By 8am the next morning things took a dramatic turn for the worse. Her breathing was noisy and laboured, she vomited and for the first time throughout all of this was crying out in fear and pain. This a moment that is entrenched in my mind. Dean was desperately trying to console her and keep her comfortable while I phoned 999. By this point, she started losing consciousness. The ambulance came within minutes, and everything moved quickly in a blur. She was hooked up to oxygen and taken by blue light to QEQM in Margate. Immediately taken into A&E where staff in blue scrubs rushed around trying to save our daughters life. She was sedated, hooked up to life support, and a consultant bellowed to me “has anyone discussed end of life care with you?” Which seemed really out of place and insensitive considering the circumstances.
Dean arrived, after settling the other two children with his parents, and the next few hours became a blur of watching and waiting. She looked so small on the bed… all the equipment and machines were designed for adults - how and why is this happening to her?
Chest x-rays revealed pneumonia. The consultant told us she needed a transferred to a London hospital with a paediatric intensive care unit, preferable St. Georges. By the afternoon, a mobile intensive care unit had arrived, and once again. Dean followed Eva and me in the ambulance to St. Georges. Again, I sat in the back of an ambulance with sirens blaring.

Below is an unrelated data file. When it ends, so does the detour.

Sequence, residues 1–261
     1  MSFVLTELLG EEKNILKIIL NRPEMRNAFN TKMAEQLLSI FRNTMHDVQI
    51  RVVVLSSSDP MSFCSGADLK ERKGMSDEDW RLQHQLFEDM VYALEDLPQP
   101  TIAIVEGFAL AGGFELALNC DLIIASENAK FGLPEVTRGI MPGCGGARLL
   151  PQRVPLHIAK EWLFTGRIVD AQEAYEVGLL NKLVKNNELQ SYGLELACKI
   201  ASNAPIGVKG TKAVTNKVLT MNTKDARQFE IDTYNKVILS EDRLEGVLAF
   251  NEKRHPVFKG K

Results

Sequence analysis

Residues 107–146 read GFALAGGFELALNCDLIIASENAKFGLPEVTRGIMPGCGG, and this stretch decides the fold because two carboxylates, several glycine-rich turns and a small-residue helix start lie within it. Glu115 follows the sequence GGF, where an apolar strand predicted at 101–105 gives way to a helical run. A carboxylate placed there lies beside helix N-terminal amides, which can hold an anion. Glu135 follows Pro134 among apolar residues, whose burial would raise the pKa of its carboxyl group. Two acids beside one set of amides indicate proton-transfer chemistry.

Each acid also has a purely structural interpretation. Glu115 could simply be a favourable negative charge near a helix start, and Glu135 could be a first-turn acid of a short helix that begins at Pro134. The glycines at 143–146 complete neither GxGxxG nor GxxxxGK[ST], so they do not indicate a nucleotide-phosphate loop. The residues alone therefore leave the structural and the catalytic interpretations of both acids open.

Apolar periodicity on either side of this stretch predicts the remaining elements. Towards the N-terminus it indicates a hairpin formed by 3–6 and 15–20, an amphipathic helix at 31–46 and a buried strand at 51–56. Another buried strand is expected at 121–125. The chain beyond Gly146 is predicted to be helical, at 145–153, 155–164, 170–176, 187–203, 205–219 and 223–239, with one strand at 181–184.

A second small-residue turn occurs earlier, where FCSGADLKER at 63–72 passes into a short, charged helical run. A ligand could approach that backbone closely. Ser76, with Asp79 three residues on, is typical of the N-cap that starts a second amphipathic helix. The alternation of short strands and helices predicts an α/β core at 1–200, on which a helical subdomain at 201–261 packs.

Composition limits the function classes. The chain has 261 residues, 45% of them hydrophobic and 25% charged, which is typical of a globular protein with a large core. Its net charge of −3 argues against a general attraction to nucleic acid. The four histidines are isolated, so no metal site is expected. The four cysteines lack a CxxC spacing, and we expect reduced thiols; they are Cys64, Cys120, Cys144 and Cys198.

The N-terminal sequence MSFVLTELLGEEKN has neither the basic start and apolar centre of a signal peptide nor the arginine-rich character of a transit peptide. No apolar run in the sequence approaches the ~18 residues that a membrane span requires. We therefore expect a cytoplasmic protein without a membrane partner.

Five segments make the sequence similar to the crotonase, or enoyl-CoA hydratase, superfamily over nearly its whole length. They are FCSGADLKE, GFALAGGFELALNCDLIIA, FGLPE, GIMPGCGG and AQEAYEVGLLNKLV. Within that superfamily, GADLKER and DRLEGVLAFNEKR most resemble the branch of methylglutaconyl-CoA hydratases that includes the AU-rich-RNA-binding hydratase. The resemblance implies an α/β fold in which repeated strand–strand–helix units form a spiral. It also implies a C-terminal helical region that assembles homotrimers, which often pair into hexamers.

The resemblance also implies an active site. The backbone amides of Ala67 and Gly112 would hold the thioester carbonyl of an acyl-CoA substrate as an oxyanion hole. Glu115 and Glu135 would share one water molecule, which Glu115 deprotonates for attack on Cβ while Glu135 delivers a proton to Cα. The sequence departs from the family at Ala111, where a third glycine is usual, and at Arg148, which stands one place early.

The journey took us to St. George’s hospital in Tooting. Doctors placed her in the isolation ward within the paediatric intensive care unit. The oral chemo had obliterated her immune system, and she was fighting a severe case of pneumonia. At this point all focus was on fighting the infection and we would worry about the tumour later.
Eva received amazing around the clock care at St. George’s, and they did everything in their power to save her. Her body was fighting the infection successfully, but she was not waking up after the sedation. It became slowly evident that the tumour was playing a role in her unconscious state. To be sure, the doctors ordered a CT scan that revealed huge tumour swelling.
The Royal Marsden symptom team visited us to discuss our options. What happened next was like living through diagnosis all over again. We’d travelled a full circle. Here we were, almost a year later to the day, sitting there discussing where our beautiful, loving, feisty, fun daughter was going to die. We had three choices, each involved turning the life support machine off, the choice was where it should happen: remain in hospital, be transferred to hospice, or go home. The choice was easy, she would want to be at home.